Who will ever forget the witness of over 1 million Filipinos, accompanied by priests and nuns kneeling on the ground in prayer (and soldiers who refused to intervene or act against them) – a peaceful protest leading to the downfall of the dictator Ferdinand Marcos in 1986? How did this happen? Firstly, the International Fellowship of Reconciliation, an ecumenical Christian organization dedicated to nonviolent social change, led dozens of nonviolent action workshops across the Philippines. After attending a workshop, Cardinal Jaime Sin of Manila joined with the Catholic Bishops’ Conference of the Philippines in calling for a “nonviolent struggle for justice.” These training workshops, along with a sophisticated election-monitoring mission led by nuns and priests, paved the way for the mass “people power” movement that prevented Marcos from stealing the 1986 presidential elections. The people challenged violence with nonviolent resistance – and won, and Marcos and his wife left the country.
Fast forward to 2014. In mid-2014, women living in the Bentiu Protection of Civilians area in South Sudan alerted the Nonviolent Peaceforce team living there that women were being raped and sometimes gang-raped by soldiers when they went out to gather firewood and water. The women reported that sometimes the soldiers would describe the assaults as part of their job.
Often older women took on these jobs to protect the younger ones, and hopefully to decrease the likelihood of attack. So these women had to choose between their personal safety and providing for their families’ basic needs. Nonviolent Peaceforce began accompanying the women when they left the camp, sending 2 or more trained civilian protectors along with them. In the year after this accompaniment was offered to the people, no woman was attacked when accompanied. Instead, the soldiers looked the other way.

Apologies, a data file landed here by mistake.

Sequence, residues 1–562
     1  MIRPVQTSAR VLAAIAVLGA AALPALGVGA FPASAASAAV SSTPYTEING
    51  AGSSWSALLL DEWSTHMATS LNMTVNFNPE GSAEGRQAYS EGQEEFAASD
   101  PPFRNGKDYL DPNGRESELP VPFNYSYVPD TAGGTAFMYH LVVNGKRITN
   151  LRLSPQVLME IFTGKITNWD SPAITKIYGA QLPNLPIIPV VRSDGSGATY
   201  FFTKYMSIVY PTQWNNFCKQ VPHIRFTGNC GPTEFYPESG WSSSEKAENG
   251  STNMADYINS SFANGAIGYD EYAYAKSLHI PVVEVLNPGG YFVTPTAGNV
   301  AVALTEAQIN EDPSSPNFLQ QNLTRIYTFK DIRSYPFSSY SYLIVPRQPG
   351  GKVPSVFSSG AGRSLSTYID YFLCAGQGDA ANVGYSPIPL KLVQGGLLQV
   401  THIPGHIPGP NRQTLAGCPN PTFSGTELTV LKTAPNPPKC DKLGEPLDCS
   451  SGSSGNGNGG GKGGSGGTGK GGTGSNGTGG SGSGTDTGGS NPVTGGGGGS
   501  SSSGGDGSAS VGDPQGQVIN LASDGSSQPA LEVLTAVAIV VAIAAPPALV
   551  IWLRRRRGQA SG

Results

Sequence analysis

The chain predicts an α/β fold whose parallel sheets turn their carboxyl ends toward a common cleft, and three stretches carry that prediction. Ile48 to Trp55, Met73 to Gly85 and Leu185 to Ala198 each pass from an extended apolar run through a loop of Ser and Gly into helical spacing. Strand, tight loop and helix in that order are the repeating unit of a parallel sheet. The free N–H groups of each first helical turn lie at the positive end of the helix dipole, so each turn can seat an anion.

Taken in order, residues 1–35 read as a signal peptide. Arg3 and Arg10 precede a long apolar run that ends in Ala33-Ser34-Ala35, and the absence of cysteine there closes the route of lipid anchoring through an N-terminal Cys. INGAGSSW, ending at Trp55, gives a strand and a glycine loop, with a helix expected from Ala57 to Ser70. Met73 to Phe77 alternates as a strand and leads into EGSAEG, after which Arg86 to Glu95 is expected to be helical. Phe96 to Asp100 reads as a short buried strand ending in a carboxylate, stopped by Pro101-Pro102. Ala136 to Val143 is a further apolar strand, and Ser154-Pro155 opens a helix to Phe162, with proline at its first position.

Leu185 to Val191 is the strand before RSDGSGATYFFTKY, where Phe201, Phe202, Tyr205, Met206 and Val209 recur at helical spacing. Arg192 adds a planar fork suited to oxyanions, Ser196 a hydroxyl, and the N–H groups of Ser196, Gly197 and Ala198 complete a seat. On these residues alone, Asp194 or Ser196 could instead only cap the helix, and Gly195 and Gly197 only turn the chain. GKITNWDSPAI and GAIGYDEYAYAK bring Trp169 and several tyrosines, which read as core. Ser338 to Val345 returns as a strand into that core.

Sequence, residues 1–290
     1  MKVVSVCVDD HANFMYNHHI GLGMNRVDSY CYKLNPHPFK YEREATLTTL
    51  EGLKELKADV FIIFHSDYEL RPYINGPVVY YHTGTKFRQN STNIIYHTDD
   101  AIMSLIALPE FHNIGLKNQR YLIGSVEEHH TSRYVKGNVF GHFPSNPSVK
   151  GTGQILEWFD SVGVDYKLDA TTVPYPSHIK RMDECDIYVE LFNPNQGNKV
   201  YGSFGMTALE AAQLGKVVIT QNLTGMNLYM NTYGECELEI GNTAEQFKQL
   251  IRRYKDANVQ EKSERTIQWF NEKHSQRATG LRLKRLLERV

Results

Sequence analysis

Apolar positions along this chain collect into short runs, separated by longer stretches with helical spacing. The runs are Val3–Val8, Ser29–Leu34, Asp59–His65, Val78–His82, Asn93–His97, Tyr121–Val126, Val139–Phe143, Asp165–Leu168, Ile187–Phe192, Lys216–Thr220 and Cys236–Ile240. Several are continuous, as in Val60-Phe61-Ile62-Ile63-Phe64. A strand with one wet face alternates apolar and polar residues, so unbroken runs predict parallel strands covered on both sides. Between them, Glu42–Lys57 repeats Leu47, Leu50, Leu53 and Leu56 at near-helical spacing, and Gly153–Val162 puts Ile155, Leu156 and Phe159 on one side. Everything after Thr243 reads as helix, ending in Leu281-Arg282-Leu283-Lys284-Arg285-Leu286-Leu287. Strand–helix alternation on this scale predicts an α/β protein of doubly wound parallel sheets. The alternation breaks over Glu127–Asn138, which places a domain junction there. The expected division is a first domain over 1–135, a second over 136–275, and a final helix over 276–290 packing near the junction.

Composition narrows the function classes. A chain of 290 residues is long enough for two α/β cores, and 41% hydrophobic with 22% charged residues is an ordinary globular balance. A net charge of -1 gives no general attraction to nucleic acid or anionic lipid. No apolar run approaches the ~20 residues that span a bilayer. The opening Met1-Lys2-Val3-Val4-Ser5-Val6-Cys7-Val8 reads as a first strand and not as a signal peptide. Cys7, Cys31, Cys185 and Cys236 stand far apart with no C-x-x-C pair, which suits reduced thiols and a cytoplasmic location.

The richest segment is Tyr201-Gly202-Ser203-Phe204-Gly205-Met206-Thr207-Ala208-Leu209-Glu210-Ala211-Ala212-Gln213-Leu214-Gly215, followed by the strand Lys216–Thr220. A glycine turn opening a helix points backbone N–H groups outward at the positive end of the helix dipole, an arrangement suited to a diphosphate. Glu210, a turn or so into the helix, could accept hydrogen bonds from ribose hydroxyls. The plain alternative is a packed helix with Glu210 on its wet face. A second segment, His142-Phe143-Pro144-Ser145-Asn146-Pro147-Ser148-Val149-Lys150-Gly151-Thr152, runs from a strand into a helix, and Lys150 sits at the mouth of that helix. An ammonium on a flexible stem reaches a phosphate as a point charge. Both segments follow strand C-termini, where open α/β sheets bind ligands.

By Corrie Cron, Project Coordinator for Civic Engagement for Nonviolent Peaceforce in South Sudan
An internship during graduate school can be incredibly important. It can be your first entry into the actual field of where you want to work. Whichever organization you join can influence who you meet, what kind of work you'll do and, often, what jobs you'll be considered for in the future.
I began an internship with Nonviolent Peaceforce (NP) in December 2014 at the head office, located in Brussels, Belgium. I had never heard of the organization before I saw the posting for a Communications Intern. I went to the interview trying to manage my expectations, but what I found out was that the things I was passionate about and the things that drew me into the humanitarian field were mirrored in this organization. They were passionate about peacebuilding, community dialogue, empowering women, but not trying to radically change a host country’s culture. They built relationships with all sides of a conflict and believed in sharing information and equipping others. Before the end of the interview I was hooked. Thankfully, they offered me the position.
Press Clip Source: Common WondersDate: April 19, 2017Written by:Robert C. KoehlerRead original article: Here.
Sometimes our tame and compliant media upchucks a piece of truth. For instance:
“American officials had predicted that the missile strike would result in a major shift in Assad’s calculus, but the U.S. attack appeared to be symbolic in reality. Within 24 hours of the strike, monitoring groups reported that warplanes were again taking off from the bombed Shayrat air base, this time to attack Islamic State positions.”